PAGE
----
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This Christmas Eve, more than a few inner-city parishes will hold Midnight Mass early in the evening so that parishioners can get home safely. The next morning, some children will strip away gift wrapping to find the latest video game whose objective is to kill, maim and maraud your way to victory. And, surely, that night someone will get drunk and beat his spouse.

From the church to the home, there seem to be few havens from the violence that has become an increasingly common part of daily life. Alarmed that society has grown numb to it all, the nation's Roman Catholic bishops issued at their fall meeting a sweeping denunciation of the "culture of violence" that pervades American society.Their anti-violence message is aimed at euthanasia, abortion and the death penalty, as well as violence on television and in movies, and the everyday aggressive behavior that people can display behind the wheel on the commute to work. At root, the bishops said, was a violence of the heart, where self-concern took precedent over the common good.

Last month, voters in Oregon approved a law that permitted doctors to prescribe lethal medication for terminally ill patients. When it takes effect Dec. 8, the law will be the first in the nation to allow doctor-assisted suicide.

"Culturally, we are condoning and putting up with far too much in our media, our general approach to living and the way we relate to one another," said Bishop John Ricard, an auxiliary bishop in Baltimore and chairman of the Domestic Policy Committee of the National Conference of Catholic Bishops.

"We've gotten so far afield from a clear sense of what is right and wrong, that there are principles and values that are transcendent and that are absolutely right and wrong."

Motivation for the bishops' statement on violence came from the street - too many funerals for teenagers, rectory windows shot out, gangs forming even in rural parishes - but there was also the violence of words and images of mayhem and menace in the media.

The bishops said not all violence was fatal: Just as dangerous was the intolerant atmosphere fostered by personal competition and language.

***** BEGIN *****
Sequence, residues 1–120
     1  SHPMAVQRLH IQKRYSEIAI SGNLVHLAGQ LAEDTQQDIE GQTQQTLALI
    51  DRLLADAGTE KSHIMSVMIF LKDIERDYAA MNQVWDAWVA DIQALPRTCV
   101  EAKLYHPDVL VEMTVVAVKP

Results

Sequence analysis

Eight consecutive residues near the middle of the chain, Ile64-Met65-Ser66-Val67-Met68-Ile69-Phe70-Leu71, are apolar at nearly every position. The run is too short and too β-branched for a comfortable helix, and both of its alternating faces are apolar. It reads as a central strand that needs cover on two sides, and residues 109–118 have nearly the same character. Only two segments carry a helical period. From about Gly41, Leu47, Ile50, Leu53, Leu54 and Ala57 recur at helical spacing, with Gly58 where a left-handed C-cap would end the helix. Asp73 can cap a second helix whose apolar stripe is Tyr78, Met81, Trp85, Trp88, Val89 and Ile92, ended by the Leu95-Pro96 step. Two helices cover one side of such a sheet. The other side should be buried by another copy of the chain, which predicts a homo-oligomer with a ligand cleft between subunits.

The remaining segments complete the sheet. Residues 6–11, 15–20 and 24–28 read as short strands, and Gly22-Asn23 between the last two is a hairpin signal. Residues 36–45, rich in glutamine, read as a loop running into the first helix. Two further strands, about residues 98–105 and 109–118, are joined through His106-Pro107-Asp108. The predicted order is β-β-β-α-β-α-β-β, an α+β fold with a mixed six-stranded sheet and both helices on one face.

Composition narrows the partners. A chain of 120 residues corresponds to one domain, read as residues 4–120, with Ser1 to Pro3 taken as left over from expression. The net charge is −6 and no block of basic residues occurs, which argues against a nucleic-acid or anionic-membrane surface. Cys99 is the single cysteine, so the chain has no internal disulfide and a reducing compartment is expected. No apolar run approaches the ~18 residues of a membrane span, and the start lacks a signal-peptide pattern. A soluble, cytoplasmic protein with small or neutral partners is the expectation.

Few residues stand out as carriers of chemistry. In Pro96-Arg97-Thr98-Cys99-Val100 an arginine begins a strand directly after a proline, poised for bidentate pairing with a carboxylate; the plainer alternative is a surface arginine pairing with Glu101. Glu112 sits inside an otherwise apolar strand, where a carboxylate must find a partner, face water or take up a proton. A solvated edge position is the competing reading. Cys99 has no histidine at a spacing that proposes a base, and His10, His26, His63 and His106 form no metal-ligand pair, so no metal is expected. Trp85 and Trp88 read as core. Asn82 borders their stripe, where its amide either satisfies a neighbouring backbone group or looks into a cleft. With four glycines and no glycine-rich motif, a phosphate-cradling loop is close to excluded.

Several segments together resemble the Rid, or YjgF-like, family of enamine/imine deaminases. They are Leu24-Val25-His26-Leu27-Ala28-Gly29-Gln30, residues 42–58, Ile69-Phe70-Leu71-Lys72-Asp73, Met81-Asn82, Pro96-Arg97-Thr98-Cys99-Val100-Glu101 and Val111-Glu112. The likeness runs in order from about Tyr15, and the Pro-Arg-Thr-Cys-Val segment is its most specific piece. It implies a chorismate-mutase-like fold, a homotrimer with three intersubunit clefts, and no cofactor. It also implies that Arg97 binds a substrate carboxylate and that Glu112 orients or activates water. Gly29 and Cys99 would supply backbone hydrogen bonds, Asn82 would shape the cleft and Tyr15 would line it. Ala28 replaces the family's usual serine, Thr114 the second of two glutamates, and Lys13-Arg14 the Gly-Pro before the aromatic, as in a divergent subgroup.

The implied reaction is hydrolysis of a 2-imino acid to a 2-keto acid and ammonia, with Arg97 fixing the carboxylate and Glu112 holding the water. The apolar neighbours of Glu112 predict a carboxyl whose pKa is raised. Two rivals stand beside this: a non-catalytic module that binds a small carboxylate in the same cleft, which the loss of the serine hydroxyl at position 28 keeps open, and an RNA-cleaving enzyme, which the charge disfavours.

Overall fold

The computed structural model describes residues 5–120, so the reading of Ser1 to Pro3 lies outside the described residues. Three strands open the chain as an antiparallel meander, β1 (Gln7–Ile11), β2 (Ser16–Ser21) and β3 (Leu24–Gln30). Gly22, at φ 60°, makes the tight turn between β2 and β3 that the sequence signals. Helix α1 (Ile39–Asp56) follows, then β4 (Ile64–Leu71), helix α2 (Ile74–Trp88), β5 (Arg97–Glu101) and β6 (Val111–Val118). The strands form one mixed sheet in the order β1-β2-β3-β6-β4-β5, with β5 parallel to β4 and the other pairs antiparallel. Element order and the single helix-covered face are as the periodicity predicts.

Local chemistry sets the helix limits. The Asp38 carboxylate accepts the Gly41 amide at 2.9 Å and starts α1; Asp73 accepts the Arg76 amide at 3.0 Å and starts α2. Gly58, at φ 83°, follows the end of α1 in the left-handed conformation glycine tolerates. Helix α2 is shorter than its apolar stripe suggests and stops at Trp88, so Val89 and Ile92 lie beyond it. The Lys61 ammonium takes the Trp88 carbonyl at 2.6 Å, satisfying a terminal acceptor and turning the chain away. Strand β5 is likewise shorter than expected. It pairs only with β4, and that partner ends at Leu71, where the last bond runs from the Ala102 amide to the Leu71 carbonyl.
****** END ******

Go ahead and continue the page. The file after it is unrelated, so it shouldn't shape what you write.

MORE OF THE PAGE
The bishops noted how the recent elections showed similar intolerance. "We are also experiencing the polarization of public life and militarization of politics with increased reliance on `attack' ads, `war' rooms and intense partisan combat in place of the search for the common good and common ground," their statement said.

In response, the bishops called for individuals and parishes to examine their responsibilities and potential for action in both the liturgy and social action. The suggestions, which will be sent to parishes nationwide, ranged from appropriate readings and blessings to clothing drives for shelters for battered women and organized anti-violence campaigns.

The bishops also singled out a number of successful local efforts. The Pittsburgh Diocese, for example, in a coalition that includes the city government and businesses is developing employment and education programs for at-risk youths.

The bishops encouraged parishes to focus on such issues from Jan. 15 through Jan. 22, a period that includes both the birthday of the Rev. Dr. Martin Luther King Jr. and the anniversary of the U.S. Supreme Court's Roe vs. Wade abortion decision.

Explaining the choice of dates, the bishops said they saw all their efforts flowing from their anti-abortion stand.

"All of these are life issues and speak to what we see as a very fundamental principle of respect for life at all stages," Ricard said. "We advocate a consistent fabric and ethic that goes from the womb to the tomb."